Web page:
§ 6.2-1180. Appraisals; loan-to-value ratios.
A. A savings institution may make a real estate loan only after a qualified person designated by the savings institution has submitted a signed appraisal of the security property, except that an insured or guaranteed loan may be made on the basis of a valuation of the security property furnished to the savings institution by the insuring or guaranteeing agency.
B. At the time of origination, a real estate loan may not exceed 100 percent of the appraised fair market value of the security property. During the term of the loan, the loan-to-value ratio may increase above the maximum permissible percentage if the increase results from an adjustment authorized by § 6.2-1182. In the case of a home loan secured by borrower-occupied property, the loan balance may not exceed 125 percent of the original appraised value of the property during the term of the loan, unless the loan contract provides that the payment shall be adjusted at least once every five years, beginning no later than the 10th year of the loan, to a level sufficient to amortize the loan at the then-existing interest rate and loan balance for the remaining term of the loan. The 125 percent limitation shall not apply to that portion of a loan balance that is interest received in the form of a percentage of the appreciation in value of the security property.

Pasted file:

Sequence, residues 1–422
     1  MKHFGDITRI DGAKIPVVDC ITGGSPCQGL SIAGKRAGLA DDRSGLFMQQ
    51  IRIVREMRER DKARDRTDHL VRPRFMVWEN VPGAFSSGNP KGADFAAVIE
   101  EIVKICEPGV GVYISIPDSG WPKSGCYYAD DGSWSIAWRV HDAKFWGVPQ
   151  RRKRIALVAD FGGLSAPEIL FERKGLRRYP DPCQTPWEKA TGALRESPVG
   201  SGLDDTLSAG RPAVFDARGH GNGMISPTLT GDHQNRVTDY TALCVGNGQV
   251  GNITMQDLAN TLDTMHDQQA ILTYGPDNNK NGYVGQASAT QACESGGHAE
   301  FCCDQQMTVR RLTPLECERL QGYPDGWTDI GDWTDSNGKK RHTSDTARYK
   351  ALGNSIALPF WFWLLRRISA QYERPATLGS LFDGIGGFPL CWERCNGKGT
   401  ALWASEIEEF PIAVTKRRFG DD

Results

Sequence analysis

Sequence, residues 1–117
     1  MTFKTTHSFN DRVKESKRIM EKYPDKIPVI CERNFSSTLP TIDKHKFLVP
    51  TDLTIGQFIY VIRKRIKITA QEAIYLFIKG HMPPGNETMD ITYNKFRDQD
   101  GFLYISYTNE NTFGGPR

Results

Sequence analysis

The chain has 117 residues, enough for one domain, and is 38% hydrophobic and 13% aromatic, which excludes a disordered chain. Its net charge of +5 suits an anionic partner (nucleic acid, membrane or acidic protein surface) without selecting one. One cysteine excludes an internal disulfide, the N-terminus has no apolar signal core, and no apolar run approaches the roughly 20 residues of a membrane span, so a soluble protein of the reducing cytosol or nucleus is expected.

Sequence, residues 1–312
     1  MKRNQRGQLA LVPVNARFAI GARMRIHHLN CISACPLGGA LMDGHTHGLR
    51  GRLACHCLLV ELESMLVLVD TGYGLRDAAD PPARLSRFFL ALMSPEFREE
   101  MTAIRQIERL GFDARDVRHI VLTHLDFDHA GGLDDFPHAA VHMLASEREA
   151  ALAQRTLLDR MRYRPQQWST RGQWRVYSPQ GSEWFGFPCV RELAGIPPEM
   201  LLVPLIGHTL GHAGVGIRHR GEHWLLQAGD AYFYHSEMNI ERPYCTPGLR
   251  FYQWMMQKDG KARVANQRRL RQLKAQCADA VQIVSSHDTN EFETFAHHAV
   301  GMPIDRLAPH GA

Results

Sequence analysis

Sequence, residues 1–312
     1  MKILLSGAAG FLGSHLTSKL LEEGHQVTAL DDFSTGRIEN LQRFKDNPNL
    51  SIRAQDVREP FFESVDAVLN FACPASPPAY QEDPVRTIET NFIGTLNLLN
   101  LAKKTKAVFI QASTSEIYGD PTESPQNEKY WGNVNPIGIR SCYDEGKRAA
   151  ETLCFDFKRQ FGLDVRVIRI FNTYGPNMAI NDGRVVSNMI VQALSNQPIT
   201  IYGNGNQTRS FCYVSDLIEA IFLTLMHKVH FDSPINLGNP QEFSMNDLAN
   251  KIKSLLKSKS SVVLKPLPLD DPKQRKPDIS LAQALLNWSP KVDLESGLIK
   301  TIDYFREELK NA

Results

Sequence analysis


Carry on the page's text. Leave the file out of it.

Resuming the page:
1985, c. 425, § 6.1-194.63; 1991, c. 230, § 6.1-194.151; 2010, c. 794.